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Thread: Light eyes map of Europe (detail, scientifically backed)

  1. #791
    Veteran Member Septentrion's Avatar
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    Quote Originally Posted by Grace O'Malley View Post
    What bias? There is no bias against Celtic people? If Ireland was shown to be majority Celtic genetically I would love that but genetics shows they aren't genetically Celts. This is just factual and not bias. I just go by what the genetics shows. It's a similar situation when people were claiming Irish were descended from Basques or they came from Spain. When I claim this isn't factual I've been accused of being anti-Spanish. I'm neither anti-Spanish nor anti-Celtic. I was brought up to believe the Irish were Celtic and we were different than our English neighbours. When I first saw a genetic plot was I ever confused. Straight away I grasped if the Irish were Celts and a different population than the English why do they cluster with them? Why do Irish on calculators like Eurogenes K13 get North Dutch as their no 1 population? I'm not claiming Irish are Germanic either (God forbid). Just that they are Northwestern European and mostly descend from Bronze Age Bell Beaker, with some Celt and Germanic. English and Dutch would have these ancestries as well but English and Dutch have a lot of Germanic ancestry. However all this mix must not be that different because populations wouldn't cluster together. If Irish have a different mix they wouldn't cluster where they do or if there wasn't some constant low level mixing they wouldn't cluster where they do. If for instance Irish were isolated since the Bronze Age they would end up further away and in their own cluster. They don't. Why? Because there has been people coming to Ireland from Britain and also Normans and Vikings and also some people going back and forth from Britain and vice versa.

    Anyway facts are facts. Irish, Welsh and Scots are Insular Celts because they have Celtic language and have been brought up to think of themselves as Celts however genetics shows they are majority not Celtic genetically. It is not bias to state this. Also Germans are not just Germanic genetically. Germany is quite diverse and Germans are Germanic as well as Celtic and Slavic genetically. Irish would have some actual Celtic ancestry but it is small.
    When I was talking about bias against Celtic people. You are definitely not included. Bretons, Irish, Scottish and Welsh are Celtic people, thats it. In the same way the Danes, Dutch, English, Flemish (myself included) and Germans are Germanic people. Obviously, language is the first thing. Both Celtic and Germanic people have Bell Beaker genes anyway. So having Bell Beaker genes isnt enough to distinguish such populations. I already elaborated the lineages that separates Germanic from Celtic people in Northern and Western Europe. The reason why the Irish and Dutch and other Northern Euros cluster together genetically is because they share an older ancestry at the some point. Celtic and Germanic people if one goes back in time do share a similar origin and then they split and went different ways.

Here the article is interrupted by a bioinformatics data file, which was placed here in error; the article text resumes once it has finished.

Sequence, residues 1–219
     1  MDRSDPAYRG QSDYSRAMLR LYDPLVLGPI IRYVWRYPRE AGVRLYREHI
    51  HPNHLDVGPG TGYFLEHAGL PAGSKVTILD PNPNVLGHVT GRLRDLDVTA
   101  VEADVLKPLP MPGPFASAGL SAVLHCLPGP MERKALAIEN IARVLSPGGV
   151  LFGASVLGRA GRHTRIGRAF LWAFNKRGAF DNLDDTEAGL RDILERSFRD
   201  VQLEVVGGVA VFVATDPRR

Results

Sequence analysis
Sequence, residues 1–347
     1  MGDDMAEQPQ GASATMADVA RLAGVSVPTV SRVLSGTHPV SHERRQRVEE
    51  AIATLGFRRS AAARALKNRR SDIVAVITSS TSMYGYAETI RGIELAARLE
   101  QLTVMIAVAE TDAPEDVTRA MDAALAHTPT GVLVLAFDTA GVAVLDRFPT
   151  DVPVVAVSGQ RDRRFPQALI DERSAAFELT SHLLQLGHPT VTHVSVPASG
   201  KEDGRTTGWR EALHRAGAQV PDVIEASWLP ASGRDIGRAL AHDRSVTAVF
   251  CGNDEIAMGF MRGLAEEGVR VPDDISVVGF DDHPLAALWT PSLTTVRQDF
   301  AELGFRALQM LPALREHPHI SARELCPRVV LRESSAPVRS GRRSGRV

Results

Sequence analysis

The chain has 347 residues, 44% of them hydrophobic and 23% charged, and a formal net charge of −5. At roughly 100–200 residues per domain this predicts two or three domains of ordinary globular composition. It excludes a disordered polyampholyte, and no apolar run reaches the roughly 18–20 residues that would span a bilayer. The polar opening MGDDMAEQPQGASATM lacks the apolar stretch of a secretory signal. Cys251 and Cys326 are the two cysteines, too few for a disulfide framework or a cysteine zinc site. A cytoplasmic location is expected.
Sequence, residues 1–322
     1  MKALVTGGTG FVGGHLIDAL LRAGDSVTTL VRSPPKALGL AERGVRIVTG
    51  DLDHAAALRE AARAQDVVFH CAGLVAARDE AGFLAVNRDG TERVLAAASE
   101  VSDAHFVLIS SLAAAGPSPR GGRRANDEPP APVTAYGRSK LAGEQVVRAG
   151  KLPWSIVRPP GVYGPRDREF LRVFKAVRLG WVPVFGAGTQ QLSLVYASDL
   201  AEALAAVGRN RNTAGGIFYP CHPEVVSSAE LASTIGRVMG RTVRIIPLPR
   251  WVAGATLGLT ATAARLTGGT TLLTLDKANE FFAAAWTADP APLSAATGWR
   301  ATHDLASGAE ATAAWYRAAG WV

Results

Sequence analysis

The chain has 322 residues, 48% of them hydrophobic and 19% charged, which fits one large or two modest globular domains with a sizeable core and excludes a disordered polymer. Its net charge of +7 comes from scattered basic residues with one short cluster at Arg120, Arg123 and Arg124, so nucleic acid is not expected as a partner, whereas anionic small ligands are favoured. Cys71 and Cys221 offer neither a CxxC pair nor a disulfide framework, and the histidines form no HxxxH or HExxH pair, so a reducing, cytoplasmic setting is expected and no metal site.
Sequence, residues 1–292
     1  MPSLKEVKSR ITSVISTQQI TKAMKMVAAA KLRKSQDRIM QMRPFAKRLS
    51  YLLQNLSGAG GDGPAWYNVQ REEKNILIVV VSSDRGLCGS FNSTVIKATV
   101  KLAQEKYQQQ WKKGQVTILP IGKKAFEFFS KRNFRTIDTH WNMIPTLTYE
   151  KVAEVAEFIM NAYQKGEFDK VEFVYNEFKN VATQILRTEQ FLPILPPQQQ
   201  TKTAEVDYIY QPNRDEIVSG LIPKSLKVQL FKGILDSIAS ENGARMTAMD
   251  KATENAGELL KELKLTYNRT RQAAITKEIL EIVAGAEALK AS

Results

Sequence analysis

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    Quote Originally Posted by Septentrion View Post
    When I was talking about bias against Celtic people. You are definitely not included. Bretons, Irish, Scottish and Welsh are Celtic people, that’s it. In the same way the Danes, Dutch, English, Flemish (myself included) and Germans are Germanic people. Obviously, language is the first thing. Both Celtic and Germanic people have Bell Beaker genes anyway. So having Bell Beaker genes isn’t enough to distinguish such populations. I already elaborated the lineages that separates Germanic from Celtic people in Northern and Western Europe. The reason why the Irish and Dutch and other Northern Euros cluster together genetically is because they share an older ancestry at the some point. Celtic and Germanic people if one goes back in time do share a similar origin and then they split and went different ways.
    The predisposition of the Iron Age British Isles population and their closest descendants to pale skin and rufosity for example is not because they are the most pure Bell Beakers. Based on the samples available red hair was still fairly uncommon among the Bronze Age Bell Beakers with only a few carriers identified a far cry from the ~50% observed in populations with the most Iron Age British Isles admixture. Shared Bell Beaker ancestry cannot account for more recent phenotype changes influenced by local selective factors.
    Last edited by Melkiirs; 06-20-2024 at 01:48 AM.

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    Veteran Member Septentrion's Avatar
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    Quote Originally Posted by Melkiirs View Post
    The predisposition of the Iron Age British Isles population and their closest descendants to pale skin and rufosity for example is not because they are the most pure Bell Beakers. Based on the samples available red hair was still fairly uncommon among the Bronze Age Bell Beakers with only a few carriers identified a far cry from the ~50% observed in populations with the most Iron Age British Isles admixture. Shared Bell Beaker ancestry cannot account for more recent phenotype changes influenced by local selective factors.